Of the three Mennonite museums in the Chaco, Neuland’s gives the best idea of life as one of the region’s original settlers. The museum has been set up to resemble a typical Mennonite dwelling with a main house, a covered barn for farming equipment, and a separate building for the kitchen. Inside you will find various items used by the Mennonites upon their arrival including butter churns, sausage fillers, and many handmade objects and inventions that are a testament to their “make it work” attitude. Particularly interesting are the large egg incubators used to transport eggs during the week-long journey to the market in Asuncion and a strange machine created to make ceramic bricks and tiles (including those used to build the museum). Tel: 0493 240 201/4, 0971 701 634, tours must be arranged with the Cooperativa Multiactiva Neuland’s tourism office Getting There
The turn off to Neuland is on km 450 of the Trans Chaco Highway. From here turn left (if coming from Asuncion) and continue for about twenty-five kilometers down the paved road that leads to the center of town.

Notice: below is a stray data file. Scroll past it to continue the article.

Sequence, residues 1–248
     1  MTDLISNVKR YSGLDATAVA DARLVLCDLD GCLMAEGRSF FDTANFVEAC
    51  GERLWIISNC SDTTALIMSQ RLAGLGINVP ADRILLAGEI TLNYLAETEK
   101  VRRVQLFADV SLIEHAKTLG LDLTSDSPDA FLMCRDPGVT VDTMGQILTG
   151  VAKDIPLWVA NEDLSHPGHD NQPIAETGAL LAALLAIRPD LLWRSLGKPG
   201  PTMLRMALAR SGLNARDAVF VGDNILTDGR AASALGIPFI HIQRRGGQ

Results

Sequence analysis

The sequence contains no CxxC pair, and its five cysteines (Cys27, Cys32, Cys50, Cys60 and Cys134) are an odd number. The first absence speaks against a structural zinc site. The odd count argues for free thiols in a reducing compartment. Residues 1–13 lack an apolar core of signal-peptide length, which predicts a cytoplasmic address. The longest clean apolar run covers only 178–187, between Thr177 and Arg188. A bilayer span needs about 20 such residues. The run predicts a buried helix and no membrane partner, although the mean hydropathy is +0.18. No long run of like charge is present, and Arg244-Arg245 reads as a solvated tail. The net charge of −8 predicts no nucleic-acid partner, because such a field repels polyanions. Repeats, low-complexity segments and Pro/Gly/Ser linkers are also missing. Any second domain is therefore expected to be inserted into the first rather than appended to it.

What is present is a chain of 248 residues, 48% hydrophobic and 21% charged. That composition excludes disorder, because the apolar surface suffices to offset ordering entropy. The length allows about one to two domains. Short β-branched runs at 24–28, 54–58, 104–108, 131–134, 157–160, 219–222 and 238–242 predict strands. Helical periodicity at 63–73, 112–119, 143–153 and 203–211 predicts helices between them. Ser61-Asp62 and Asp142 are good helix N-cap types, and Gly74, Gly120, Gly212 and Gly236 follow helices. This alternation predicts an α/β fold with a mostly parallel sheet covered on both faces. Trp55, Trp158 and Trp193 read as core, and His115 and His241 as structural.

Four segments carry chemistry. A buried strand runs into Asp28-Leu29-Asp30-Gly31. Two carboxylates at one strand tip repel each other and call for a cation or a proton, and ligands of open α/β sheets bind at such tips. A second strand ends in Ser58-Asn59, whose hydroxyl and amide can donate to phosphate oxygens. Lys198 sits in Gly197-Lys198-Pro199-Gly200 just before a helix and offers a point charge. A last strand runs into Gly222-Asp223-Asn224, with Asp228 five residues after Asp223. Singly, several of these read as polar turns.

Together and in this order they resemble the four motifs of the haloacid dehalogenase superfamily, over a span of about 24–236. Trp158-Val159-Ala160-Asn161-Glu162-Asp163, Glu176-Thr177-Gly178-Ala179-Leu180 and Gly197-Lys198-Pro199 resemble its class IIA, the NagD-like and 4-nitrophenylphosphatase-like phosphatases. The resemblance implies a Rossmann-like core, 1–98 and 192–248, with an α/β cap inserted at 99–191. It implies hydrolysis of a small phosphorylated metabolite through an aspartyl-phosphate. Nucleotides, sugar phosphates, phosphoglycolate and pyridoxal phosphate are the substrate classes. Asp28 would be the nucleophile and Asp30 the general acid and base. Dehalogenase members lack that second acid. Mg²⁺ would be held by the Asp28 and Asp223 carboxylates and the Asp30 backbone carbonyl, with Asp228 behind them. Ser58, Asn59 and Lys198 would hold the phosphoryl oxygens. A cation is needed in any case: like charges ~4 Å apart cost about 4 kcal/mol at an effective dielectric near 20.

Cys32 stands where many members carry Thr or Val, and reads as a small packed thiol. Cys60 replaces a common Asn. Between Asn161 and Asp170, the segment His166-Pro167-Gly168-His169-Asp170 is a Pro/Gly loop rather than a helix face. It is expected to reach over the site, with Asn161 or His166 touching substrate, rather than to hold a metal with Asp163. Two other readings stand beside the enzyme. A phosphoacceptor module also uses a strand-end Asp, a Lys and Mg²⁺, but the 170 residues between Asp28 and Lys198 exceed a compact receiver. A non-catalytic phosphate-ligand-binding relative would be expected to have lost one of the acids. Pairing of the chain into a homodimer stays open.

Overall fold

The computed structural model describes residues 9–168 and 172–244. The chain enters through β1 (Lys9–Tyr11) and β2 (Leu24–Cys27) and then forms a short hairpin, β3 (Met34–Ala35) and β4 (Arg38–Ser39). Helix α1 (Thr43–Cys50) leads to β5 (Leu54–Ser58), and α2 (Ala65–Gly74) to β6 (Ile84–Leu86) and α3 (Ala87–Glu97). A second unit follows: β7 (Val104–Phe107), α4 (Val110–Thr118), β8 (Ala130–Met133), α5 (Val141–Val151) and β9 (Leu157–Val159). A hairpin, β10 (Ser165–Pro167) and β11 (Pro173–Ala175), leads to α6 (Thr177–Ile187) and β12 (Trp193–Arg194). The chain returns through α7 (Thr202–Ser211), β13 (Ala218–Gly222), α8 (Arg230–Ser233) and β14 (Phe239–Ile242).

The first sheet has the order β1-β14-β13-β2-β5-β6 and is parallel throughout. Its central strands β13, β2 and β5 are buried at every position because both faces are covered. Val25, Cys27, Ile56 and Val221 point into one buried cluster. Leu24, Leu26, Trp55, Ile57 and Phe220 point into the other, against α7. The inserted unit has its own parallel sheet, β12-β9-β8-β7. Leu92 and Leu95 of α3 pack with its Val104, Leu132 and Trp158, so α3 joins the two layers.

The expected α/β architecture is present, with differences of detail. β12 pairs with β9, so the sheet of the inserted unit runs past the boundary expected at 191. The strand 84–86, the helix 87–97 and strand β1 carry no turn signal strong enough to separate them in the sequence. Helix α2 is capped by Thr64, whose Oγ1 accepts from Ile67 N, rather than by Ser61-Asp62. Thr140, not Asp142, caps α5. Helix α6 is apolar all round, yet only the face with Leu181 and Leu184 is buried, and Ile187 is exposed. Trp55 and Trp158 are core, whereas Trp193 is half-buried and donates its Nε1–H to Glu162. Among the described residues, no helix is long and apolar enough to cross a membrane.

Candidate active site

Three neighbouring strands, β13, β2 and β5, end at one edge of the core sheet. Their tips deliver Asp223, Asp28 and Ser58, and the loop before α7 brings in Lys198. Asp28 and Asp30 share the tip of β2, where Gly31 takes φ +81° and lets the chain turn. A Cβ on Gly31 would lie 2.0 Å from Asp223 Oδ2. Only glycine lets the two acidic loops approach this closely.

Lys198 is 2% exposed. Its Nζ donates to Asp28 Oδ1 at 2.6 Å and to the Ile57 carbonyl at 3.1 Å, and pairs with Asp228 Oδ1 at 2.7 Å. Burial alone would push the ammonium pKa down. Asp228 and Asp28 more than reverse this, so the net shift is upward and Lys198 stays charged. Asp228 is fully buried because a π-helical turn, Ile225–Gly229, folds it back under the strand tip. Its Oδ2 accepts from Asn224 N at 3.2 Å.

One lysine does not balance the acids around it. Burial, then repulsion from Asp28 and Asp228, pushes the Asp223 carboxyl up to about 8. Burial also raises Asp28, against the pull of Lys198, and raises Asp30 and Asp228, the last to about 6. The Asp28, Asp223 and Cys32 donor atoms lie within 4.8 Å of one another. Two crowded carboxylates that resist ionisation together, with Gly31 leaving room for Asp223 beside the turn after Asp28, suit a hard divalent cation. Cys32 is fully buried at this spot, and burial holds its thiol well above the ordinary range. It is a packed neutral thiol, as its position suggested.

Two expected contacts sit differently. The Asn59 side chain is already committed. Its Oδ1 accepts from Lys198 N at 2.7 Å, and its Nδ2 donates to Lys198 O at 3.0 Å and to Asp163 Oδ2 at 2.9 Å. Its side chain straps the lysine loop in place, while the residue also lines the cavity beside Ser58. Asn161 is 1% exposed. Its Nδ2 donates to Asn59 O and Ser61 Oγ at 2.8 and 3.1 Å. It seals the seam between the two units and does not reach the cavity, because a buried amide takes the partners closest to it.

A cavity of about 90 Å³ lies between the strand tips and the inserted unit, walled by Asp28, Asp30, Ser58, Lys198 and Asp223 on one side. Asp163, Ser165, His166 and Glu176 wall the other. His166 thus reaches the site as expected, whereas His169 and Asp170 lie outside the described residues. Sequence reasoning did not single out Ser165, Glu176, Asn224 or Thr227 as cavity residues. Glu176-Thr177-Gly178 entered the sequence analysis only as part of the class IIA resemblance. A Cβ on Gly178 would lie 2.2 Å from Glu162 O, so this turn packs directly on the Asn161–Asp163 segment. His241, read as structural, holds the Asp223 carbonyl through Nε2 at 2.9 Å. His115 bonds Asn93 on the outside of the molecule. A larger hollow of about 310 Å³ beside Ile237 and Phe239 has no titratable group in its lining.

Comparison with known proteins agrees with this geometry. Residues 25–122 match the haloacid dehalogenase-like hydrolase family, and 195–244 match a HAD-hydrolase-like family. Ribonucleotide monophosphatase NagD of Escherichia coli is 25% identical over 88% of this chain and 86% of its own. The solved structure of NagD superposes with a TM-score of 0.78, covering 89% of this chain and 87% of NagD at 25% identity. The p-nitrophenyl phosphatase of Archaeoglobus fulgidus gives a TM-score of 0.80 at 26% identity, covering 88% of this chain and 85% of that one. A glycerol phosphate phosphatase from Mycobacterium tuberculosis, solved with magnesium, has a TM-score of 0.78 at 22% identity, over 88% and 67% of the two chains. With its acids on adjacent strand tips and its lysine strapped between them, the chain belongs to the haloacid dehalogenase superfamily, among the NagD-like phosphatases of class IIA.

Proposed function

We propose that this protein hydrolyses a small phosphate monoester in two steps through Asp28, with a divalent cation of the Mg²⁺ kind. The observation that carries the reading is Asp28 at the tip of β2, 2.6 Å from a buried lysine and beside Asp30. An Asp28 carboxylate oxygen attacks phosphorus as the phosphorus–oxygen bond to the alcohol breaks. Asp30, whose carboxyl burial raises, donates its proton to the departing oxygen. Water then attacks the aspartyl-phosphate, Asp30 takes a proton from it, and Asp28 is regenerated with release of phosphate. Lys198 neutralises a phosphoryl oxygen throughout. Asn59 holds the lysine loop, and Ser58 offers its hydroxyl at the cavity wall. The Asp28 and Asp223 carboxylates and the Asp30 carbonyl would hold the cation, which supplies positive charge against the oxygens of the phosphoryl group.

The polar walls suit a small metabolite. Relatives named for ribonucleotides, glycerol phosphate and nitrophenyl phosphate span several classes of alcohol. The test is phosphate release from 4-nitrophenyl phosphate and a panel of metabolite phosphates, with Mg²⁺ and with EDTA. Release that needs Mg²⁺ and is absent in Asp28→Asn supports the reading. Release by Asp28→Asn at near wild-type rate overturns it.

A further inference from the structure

Stel Turismo (Tel: 021 558 196) runs daily buses from Asuncion, Gs. 80,000, and Nasa-Golondrina (Tel: 0491 432 492) runs daily buses from Filadelfia.
Hotel Boqueron Located across the street from the cooperative, Hotel Boqueron is pretty much the only game in town. Although it is your only option, it is not a bad one. Rooms are nicely done and the restaurant serves up a decent meal and has a small lunch buffet as well. Tel 0493 240 311/669, 0971 401 063, Located directly across from the cooperative supermarket, www.neuland.com.py/servicios/hotel-restaurante-boqueron, Single Gs. 60,000 shared bath, Gs. 75,000 private bath, Double Gs. 110,000 shared bath, Gs. 120,000 private bath